Language Society and Power - Assignment 2

How do speakers ‘perform’ gender identities in their talk? Is there only one way of performing gender? Discuss the answers to these questions with reference to the literature on language and gender.

Plan of the essay: 1. Introduction: a. definition of gender identity b. thesis statement: ‘ is there only one way of performing gender?’ 2. Body: a. Gender can be performed in many ways: b. example of performing gender through voice utterances in men/women and the differences. b. Examples of performing gender using sources eg. Coates, Homes *in relation to social class. d. Language and Men and Women/ Language and History

c. 1st example: language and age - how is gender performed by different age groups? What are the differences between the following age groups: children, middle age people, elderly people?

*e. language class and gender: lower working class, middle class, comparison of performing gender between those classes 3. Conclusion: Gender may be performed in many ways as demonstrated in the examples above...


Gender identity can be defined as the individuals feelings about themselves concerning their

personality of being male or female; which is established during childhood and puberty and influenced by society. Smith (1993:4) identifies gender as ‘the term used to describe socially constructed categories based on sex’, he also states that ‘Most societies operate in terms of two genders, masculine and feminine’. Performing gender can be a very broad topic although worth analysing as various societies may attempt to answer the question ‘whether there is only one way of performing gender identity’. In this essay using the relevant sources including examples taken from Coate’s, Weatherall’s, Holmes’, Stokoe’s Journal of Sociolinguistics and Lester’s article; the existence of diverse ways of performing gender in speakers talk and various environments will be examined as well as the differences of performing gender between men and women. In addition the relationship between social class and gender variation will be discussed.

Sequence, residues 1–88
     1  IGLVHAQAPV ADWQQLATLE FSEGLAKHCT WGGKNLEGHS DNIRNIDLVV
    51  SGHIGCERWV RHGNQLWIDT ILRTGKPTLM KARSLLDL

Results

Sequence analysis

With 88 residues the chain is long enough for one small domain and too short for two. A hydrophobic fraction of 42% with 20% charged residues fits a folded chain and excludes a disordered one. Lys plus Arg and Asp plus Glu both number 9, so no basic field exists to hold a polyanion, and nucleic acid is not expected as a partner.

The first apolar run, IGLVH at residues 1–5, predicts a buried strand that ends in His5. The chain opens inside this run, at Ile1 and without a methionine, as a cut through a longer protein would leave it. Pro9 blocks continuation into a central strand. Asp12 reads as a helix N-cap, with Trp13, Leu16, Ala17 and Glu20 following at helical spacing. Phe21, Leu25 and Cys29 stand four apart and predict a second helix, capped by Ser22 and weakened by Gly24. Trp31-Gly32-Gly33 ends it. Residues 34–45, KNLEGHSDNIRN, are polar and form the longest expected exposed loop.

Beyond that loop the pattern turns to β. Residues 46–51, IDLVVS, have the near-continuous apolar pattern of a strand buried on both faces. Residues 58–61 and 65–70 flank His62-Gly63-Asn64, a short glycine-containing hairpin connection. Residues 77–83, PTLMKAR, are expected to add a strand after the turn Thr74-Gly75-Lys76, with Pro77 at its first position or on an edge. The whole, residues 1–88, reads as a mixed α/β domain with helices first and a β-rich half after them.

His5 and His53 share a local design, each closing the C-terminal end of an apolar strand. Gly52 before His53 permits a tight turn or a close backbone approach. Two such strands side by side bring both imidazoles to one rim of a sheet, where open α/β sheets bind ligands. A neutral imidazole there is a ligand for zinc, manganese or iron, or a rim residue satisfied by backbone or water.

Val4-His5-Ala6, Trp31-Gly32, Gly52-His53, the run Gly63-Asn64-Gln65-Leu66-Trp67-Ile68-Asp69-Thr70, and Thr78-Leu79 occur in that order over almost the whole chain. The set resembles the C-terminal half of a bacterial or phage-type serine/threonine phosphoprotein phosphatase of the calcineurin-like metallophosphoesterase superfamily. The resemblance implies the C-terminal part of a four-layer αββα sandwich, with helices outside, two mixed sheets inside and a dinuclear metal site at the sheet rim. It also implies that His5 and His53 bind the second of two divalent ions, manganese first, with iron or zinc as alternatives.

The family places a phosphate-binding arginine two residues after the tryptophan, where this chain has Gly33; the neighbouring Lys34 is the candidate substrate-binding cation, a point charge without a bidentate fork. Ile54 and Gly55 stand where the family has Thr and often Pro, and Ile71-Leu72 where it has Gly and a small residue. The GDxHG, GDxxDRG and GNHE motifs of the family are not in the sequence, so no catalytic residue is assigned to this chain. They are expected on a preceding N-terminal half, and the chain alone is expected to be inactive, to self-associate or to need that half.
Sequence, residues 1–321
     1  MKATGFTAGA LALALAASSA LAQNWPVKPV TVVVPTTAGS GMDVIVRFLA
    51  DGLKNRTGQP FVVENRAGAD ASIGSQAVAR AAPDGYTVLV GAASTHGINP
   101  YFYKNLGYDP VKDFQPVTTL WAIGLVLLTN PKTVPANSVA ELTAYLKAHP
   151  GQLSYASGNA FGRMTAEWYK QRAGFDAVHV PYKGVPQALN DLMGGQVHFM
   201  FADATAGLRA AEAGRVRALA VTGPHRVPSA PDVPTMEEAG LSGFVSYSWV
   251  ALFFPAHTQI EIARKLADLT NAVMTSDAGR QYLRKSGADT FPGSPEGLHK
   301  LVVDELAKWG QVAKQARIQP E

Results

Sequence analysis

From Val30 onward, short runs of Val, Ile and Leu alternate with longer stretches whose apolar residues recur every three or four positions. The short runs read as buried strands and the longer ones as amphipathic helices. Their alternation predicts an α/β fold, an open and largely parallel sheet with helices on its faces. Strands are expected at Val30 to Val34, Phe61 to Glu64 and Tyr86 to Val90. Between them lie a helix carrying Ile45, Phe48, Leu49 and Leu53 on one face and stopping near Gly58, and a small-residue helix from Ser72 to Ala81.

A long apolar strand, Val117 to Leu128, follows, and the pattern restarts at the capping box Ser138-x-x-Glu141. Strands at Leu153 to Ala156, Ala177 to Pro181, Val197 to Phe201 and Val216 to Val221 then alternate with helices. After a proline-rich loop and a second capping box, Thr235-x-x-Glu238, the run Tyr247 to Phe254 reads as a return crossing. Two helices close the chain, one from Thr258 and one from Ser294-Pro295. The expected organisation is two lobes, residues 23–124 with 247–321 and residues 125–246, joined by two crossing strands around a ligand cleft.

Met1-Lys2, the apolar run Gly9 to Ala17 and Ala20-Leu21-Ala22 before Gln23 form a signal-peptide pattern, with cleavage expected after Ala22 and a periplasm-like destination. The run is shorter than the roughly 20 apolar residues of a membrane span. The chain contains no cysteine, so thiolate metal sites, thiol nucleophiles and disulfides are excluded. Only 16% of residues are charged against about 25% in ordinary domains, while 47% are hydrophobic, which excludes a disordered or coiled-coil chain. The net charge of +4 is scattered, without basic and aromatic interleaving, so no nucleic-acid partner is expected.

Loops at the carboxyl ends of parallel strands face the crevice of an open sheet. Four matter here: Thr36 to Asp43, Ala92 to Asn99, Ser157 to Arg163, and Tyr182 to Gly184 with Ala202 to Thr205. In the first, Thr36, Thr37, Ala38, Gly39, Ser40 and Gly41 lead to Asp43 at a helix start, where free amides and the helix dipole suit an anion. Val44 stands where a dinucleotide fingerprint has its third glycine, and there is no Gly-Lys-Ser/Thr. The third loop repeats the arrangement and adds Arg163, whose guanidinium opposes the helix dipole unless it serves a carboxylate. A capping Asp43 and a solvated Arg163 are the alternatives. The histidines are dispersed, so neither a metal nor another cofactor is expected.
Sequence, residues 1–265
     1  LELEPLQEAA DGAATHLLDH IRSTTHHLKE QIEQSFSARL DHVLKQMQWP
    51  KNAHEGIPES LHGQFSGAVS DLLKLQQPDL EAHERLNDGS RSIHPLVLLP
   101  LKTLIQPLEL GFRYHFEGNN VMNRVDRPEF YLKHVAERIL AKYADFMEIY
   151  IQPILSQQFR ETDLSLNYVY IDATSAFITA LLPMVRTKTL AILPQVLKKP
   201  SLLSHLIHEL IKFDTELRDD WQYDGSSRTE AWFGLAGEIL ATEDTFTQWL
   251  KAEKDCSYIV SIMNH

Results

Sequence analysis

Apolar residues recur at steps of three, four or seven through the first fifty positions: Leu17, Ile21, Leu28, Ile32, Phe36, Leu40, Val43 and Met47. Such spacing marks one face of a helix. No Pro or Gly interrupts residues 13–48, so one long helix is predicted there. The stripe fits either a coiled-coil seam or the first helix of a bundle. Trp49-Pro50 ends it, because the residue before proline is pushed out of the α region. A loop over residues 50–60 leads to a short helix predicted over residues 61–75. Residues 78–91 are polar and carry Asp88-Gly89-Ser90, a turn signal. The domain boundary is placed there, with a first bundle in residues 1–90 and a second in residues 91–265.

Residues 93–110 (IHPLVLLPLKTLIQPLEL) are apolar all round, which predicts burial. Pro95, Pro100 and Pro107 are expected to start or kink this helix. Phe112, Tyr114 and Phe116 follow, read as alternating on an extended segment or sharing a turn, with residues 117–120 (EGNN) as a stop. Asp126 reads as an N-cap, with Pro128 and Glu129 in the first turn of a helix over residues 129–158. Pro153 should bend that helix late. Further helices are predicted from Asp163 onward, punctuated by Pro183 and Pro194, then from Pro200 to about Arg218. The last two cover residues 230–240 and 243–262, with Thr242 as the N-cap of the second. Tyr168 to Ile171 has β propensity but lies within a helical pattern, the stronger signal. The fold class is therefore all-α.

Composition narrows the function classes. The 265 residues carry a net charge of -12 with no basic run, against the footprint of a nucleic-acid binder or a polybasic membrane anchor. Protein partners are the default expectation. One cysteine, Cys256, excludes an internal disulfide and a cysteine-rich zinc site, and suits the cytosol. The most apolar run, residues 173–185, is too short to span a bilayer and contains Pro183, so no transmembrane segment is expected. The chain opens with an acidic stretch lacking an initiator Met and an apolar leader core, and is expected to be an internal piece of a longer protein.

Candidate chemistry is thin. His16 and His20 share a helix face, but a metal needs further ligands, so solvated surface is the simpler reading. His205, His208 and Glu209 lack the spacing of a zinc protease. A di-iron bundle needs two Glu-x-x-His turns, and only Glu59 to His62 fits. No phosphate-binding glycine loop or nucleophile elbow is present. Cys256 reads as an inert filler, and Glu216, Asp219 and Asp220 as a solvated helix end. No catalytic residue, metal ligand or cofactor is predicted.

The differences in performing gender between men and women

Gender performance differs between men and women. The differences in ways of performing gender might be found in the ‘study of language in its social context’ or in other words ‘the study of linguistic variation’ (4:1993) Coates states this as sociolinguistics. The study of sociolinguistics examines both men and women speakers who are different from each other, taking into consideration their gender, age, social class or their speech. This is called social variation (4:1993). The study of social and linguistic variations have their structure which is the reason for the analysis of speech differences looking at the utterances of ‘real speakers’ in society. Those utterances of social variation and the ability to recognise the sex of the speaker through listening to their speech may be an example of performing gender. As Weatherall (49: 2002) states ‘there are numerous studies that have reported the ability of listeners to correctly identify the sex of speakers by using only verbal cues’. Identifying the sex through voices such as, high-pitched in women and a deeper voice in men may also prove the differences in